Sexism In Singapore
Sexism. Not really a word you hear a lot in Singaporean society right?
But it really should be uttered more. Especially when it affects both sexes.
That’s right — while sexism is commonly thought of to put women at a disadvantage, both genders face sexism in Singapore in entirely different ways and extents! Maybe you’ve received sexist treatment and simply brushed it off as “the way things are”.
And that’s how most sexism in Singapore exists — not in our faces, but as institutionalised norms and habits.
Sexism Against Men
Since the guy’s side of sexism always goes unheard, let’s begin with them.
1. Men Cannot Be Raped in Singapore
Yup, this is true. Rape is only defined as penile penetration of a vagina under S375 of the Penal Code.
Thus, rape of a male cannot be legally acknowledged. Even male-on-male rape is not recognised here.
It goes without saying that this law is illogical and thoroughly sexist. Men can surely be raped too.
Unfortunately, the stereotype of a man needing to always be strong and dominant makes it harder for victims to reach out for help in their state of vulnerability.
2. Compulsory National Service
Wait. Hear me out, I’m not saying that girls are raring to go for national service, or that NS isn’t an integral part of Singapore’s defence.
But the fact that men are called up, whether they like it or not, indicates that men are seen as the natural chosen protectors of the country.
While the argument can be made that males are genetically stronger, with higher muscle mass, and are thus more suited to military requirements, that may not be true for all men. And in terms of character, there’s the argument that not all guys have the courage, discipline or ruggedness that makes them more suitable to military life than certain women.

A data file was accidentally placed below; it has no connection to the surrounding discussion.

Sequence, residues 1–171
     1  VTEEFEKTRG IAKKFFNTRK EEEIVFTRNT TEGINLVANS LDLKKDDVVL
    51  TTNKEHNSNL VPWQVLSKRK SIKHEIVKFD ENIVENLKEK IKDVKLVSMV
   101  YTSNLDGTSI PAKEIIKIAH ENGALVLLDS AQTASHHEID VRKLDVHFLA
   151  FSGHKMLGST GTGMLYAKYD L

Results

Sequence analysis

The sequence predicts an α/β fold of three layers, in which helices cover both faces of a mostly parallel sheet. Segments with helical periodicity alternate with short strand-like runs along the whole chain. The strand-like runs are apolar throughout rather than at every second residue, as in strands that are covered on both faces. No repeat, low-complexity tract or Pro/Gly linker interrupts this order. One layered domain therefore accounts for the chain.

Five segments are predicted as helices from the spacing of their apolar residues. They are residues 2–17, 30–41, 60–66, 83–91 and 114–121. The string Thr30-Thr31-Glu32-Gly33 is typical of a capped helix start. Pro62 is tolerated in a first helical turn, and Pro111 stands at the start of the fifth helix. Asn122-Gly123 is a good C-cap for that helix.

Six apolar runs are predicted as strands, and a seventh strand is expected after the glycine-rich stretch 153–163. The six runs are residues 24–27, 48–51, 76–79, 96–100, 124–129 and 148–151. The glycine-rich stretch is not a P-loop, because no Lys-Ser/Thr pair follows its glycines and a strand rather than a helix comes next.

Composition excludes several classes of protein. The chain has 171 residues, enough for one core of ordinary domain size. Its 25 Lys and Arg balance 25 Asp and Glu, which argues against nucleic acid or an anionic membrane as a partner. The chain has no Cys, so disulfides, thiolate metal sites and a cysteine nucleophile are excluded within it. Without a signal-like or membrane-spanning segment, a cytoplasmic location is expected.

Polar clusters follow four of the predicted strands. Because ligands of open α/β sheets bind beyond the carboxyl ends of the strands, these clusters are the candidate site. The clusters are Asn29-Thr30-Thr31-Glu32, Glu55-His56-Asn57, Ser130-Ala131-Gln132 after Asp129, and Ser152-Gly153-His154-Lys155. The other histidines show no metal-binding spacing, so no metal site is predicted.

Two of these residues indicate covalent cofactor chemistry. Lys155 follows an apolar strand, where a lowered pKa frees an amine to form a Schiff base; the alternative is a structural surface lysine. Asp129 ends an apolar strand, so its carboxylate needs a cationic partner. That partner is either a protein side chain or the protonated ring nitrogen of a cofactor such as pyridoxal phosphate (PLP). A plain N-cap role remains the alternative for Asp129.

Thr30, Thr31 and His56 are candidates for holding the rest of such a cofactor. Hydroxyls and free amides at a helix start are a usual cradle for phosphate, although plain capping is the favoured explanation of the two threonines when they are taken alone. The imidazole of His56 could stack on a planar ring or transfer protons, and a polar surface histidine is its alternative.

The compulsory nature of NS for all guys is just another way that men are subject to sexist stereotypes — they’re guys, so they should be suitable to serve in the military, they just have to toughen up.
Well, not every guy has to be tough.
However, we respect our Singapore guys for making the sacrifice for Singapore!
3. The Women’s Charter
The Women’s Charter stands for women’s rights and protects against misogyny, as women have often been slighted by the law. And we’re thankful for its existence, as it has helped many women.
However, the existence of the Women’s Charter neglects the male interest.
For example, in divorce cases, women can seek maintenance from their spouses, but not the other way round. This is because the charter was passed at a time when women were usually full-time homemakers and men were the breadwinners, and the charter wanted to protect the woman from losing out in the battle for matrimonial assets as she may not have contributed financially to the household.
The Women’s Charter also means a child’s custody tends to be awarded to the mother, although this can be vetoed by the child most of the time.
With changing times and varying situations of divorce, the positions of both parents needs to be represented. While we think the Women’s Charter should stay, perhaps new, more flexible laws can be enacted that ensure the man isn’t unfairly treated either.
4. Toxic Masculinity
All of the above stems from one overriding quality that we have come to accept as a part of life.
Asian culture oftentimes enforces corrosive gender roles on its descendants.
For example, the Chinese generally think that girls should be docile, gentle and soft-spoken. In contrast, guys are expected to be tough, strong and dominant. It would thus be frowned upon for any person to deviate from the prescribed role. The result is that men are shamed for engaging their sensitive sides.